In fact, the more clouds you have, the more you’re likely to achieve this cohesive and connected customer experience. Of those respondents who have only one Salesforce cloud in place, 45% agree with that. For those with two, 47% concur. And for those with skin in three clouds, the number rises to 55%.
As for the various clouds in the Salesforce product set, there are some interesting observations made in this year’s study. Sales Cloud is still the most lucrative of the various offerings, contributing the largest revenue contribution. But the study suggests that customers are not getting the best bang for their buck with 41% of users saying they mostly use it to track taske. Bluewolf notes:
Sales Cloud has matured from a task and opportunity management system to a solution that powers sales productivity. However, most businesses are not keeping up with new Sales Cloud features to deliver innovation to their sellers….Companies are missing an opportunity if Sales Cloud is used to simply track sellers’ tasks. Sales Cloud should be redesigned around the modern selling experience, so that sellers can best understand customers’ unique needs, create ease in the buying experience, and guide customers down the path to purchase...The best companies recognize Sales Cloud as the hub of their organization’s lead-to-cash process, uniting Sales, Legal, IT and Finance as one selling team.
Such collaboration delivers results - Bluewolf finds that when sales teams can work across departmental boundaries and use cross-function data in Salesforce, they are 56% more likely to anticipate customer needs.
It’s the same story in relation to Service Cloud, where if the service team are able to use data from other departments, such as sales and marketing, the benefits will be noticed - 28% say it’s easier to resolve cases, 29% say it’s easier to create brand loyalty, 20% say it helps offer cross channel consistency.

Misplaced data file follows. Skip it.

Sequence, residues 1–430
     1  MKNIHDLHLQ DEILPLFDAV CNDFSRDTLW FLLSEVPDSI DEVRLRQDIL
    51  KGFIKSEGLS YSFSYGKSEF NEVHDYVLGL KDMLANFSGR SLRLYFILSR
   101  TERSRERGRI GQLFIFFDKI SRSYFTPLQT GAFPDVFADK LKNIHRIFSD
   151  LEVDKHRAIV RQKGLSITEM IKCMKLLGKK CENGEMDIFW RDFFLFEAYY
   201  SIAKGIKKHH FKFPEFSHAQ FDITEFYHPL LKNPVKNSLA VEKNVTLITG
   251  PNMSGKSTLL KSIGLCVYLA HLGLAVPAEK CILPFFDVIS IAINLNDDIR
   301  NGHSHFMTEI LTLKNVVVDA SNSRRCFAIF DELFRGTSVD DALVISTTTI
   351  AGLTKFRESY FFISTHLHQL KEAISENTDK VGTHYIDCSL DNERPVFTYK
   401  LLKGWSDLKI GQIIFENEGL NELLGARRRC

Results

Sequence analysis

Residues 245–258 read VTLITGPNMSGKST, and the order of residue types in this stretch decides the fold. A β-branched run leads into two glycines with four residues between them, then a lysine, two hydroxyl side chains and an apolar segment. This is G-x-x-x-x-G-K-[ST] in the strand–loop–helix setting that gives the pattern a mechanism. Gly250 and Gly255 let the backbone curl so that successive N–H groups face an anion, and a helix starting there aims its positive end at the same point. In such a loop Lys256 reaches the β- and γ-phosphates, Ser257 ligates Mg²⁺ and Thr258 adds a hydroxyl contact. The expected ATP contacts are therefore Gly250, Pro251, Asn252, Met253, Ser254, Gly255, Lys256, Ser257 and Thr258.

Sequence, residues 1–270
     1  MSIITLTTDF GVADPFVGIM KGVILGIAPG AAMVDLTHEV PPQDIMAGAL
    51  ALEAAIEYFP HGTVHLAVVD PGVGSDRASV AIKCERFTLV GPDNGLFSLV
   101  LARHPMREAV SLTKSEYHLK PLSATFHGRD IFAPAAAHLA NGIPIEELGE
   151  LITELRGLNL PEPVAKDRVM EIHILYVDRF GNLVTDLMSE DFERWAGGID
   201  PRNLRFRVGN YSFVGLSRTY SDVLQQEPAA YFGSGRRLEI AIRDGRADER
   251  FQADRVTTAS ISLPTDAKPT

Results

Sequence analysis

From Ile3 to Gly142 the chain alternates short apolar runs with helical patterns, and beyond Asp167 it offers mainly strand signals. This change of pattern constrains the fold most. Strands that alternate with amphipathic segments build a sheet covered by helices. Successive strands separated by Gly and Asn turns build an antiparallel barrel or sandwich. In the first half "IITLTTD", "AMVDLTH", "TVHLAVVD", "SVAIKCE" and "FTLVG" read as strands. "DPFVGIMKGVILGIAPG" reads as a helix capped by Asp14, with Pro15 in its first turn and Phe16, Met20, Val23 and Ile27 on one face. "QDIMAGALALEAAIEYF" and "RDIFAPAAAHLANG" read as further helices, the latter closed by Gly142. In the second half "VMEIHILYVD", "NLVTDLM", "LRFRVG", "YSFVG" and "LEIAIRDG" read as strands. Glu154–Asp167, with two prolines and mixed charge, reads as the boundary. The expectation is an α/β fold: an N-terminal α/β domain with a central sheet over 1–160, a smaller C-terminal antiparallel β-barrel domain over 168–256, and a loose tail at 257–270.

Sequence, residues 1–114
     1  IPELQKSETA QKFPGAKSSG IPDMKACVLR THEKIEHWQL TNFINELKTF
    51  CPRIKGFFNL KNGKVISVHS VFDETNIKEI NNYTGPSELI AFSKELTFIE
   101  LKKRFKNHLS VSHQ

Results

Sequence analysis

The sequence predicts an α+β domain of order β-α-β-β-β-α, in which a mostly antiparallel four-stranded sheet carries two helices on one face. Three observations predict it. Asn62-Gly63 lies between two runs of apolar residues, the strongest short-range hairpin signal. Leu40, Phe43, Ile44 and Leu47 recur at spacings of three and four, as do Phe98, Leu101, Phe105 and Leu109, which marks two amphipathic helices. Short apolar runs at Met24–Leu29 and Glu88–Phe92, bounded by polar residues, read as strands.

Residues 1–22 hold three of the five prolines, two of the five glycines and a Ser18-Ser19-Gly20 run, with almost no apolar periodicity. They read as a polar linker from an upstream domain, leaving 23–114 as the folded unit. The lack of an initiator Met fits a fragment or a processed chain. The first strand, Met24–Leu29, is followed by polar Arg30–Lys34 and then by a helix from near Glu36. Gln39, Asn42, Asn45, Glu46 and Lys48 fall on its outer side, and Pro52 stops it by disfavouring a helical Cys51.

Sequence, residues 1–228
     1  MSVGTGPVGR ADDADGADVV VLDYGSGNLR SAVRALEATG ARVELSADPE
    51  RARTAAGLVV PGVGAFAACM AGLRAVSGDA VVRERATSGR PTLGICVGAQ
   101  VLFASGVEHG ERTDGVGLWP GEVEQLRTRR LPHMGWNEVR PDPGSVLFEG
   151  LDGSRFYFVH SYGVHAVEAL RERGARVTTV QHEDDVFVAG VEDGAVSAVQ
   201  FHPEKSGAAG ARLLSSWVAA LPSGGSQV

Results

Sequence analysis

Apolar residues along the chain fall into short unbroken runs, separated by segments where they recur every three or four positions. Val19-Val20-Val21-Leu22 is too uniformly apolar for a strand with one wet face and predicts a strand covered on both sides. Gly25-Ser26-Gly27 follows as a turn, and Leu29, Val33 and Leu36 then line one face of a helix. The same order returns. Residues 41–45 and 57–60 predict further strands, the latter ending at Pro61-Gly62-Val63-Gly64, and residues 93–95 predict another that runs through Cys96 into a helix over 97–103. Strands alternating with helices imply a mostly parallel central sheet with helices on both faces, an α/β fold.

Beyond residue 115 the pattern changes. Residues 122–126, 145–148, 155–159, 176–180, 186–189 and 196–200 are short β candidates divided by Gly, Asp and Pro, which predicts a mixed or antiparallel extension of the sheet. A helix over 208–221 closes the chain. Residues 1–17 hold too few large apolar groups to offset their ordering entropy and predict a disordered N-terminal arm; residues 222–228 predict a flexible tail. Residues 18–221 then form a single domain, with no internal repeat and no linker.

As for the marketing team, 90% of respondents from this business function say that sales and service interactions can be a valuable source of customer data. Given that this data exists inside Salesforce, marketers just need access to it in order to tap into the benefits, which is presumably why some 80% of marketing respondents see building a strong relationship with their IT colleagues as a priority:
A successful marketing machine runs on validated, enriched data and the best marketing organizations integrate data from every touchpoint for personalized, relevant campaigns. Before companies master customer experience, they must rst master data. Marketers delivering the right message, to the right person, on the right channel, at the right time are mastering their data in partnership with IT.
Some interesting nuggets in the study make it worth taking a readthrough the findings. My criticism of it remains one that I’ve made in the past - it’s a US-dominated study with 89% of respondents coming from the domestic market. In contrast, EMEA - into which Salesforce is plowing millions of dollars of investment - only accounts for 6% of respondents, respondents who come from markets with differing business and economic climates. EMEA is fast approaching 20% of total Salesforce revenue, with a 35% year-on-year growth rate. The study would benefit enormously from reflecting that next year.